Homework: Importance and Procedures for Success
Submitted by Gail Kent
Ever have difficulty figuring out how to help your child with homework? Why is homework so important anyway?
Homework is used to reinforce skills and information learned during class time. It is important for students because it allows them to further interact with material and repeat learned skills. In addition, it readies them to perform independent work after high school.
Below are some best practices for homework completion:
Establish a consistent time and place for homework completion. Use a desk, the dining room/kitchen table, or someplace with a hard writing surface.
Set up the homework completion area for success:
- Be consistent
- Eliminate distractions
- Maintain homework tools:
- pencils, pens, colored pencils, highlighters
- tape, glue stick
- hole punch, scissors
- ruler, calculator
- miscellaneous items that your student may need
Monitor but don’t get involved in the routine completion of homework. The goal is for your student to become independent. While students may need more direct help to set up a routine at the beginning of the school year, slowly decrease your support.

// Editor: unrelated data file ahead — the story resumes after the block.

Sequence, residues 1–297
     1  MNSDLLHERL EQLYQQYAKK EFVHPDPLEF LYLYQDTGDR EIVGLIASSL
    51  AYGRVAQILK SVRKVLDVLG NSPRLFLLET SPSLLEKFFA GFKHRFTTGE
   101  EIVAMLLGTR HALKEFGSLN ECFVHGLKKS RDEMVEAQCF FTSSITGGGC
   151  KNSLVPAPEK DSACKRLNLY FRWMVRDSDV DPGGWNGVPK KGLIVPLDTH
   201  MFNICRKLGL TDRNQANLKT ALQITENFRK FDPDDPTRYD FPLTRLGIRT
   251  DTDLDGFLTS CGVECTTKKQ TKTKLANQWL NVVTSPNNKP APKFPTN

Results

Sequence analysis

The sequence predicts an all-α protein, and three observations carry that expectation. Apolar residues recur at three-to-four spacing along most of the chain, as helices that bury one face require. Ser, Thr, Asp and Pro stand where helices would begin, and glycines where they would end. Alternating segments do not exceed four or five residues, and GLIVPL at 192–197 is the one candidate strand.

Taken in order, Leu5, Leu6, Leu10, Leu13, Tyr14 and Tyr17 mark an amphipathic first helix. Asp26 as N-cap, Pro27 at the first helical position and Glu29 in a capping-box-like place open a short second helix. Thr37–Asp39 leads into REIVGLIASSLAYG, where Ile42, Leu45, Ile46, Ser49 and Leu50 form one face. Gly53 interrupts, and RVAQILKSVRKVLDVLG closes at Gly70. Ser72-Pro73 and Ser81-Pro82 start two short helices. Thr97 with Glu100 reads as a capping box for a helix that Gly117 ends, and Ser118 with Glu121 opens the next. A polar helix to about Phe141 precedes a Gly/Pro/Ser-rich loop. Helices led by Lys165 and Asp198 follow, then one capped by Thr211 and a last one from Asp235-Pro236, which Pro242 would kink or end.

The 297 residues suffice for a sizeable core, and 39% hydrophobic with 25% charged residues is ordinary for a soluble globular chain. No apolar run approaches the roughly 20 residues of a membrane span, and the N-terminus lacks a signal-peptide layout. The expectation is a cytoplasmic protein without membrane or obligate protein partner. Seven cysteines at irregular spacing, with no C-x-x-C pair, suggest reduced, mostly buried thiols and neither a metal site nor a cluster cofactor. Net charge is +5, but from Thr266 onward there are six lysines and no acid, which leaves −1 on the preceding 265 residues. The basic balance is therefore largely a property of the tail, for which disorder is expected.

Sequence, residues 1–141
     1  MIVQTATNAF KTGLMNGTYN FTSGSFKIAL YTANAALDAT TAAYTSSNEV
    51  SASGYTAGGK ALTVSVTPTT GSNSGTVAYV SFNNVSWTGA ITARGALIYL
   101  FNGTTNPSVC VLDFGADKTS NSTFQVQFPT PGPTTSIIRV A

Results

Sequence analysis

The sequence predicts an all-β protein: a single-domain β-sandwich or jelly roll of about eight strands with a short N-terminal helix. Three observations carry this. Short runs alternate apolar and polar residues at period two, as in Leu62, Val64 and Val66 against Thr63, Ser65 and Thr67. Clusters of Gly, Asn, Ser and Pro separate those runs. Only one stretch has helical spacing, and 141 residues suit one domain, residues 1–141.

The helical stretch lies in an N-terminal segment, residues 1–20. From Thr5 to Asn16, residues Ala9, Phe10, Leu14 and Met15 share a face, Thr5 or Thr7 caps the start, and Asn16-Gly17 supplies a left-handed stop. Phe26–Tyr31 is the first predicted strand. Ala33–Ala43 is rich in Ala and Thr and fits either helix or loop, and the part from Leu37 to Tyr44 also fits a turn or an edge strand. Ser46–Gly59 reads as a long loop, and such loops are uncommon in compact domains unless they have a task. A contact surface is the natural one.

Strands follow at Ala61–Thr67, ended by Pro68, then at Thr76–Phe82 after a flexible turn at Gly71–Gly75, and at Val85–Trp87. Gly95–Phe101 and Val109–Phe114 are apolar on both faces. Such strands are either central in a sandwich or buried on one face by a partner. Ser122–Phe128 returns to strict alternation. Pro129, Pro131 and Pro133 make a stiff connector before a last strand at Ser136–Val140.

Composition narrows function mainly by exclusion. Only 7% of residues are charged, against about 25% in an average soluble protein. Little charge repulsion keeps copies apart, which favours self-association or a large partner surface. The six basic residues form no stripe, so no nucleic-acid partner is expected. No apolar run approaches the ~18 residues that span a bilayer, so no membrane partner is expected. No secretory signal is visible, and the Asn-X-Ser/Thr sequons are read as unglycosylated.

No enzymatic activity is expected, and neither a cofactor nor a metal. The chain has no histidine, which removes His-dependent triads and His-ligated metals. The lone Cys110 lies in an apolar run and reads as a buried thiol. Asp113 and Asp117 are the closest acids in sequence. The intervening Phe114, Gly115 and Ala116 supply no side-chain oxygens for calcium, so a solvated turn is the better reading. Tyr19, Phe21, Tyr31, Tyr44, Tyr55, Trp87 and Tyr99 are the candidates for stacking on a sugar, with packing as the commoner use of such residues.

Learn the work cycle of your student and when students need a break. Breaks can happen at certain time intervals or after certain goals are accomplished. Just make sure breaks are taken before students reach points of frustration.
Give positive feedback. Make a point to talk about the things your student is doing well and praise their effort not just their accomplishments.
Expectations. Talk to your student about getting to know their teachers’ expectations. Each teacher may have a slight variation of their expectations. Make sure your student knows what these are. If a teacher does not provide a hand-out at the beginning of the year (or for each assignment) listing basic expectations, encourage your student to ask for one.
Use the notes. If your student doesn’t understand something, encourage them to look in their notes. Notes are the best way to get information from what happened in class. Asking your student to reference their notes encourages them to take better notes, see potential places they could improve their note-taking, and become more independent learners.
It’s still not working. If students still have questions, encourage them to email their teacher.
Don’t do it for them!
About the Author
Gail Kent, an Academic Advisor, has been a teacher and tutor at Landmark for 20 years.
Check out other posts from our Tips for Parents series:
Part 1 – Tips for Parents: Working with your student with LBLD How to get your child chatting beyond “How was your day?”
Part 2 – Tips for Parents: Working with your LBLD student Provide Opportunities for Success at Home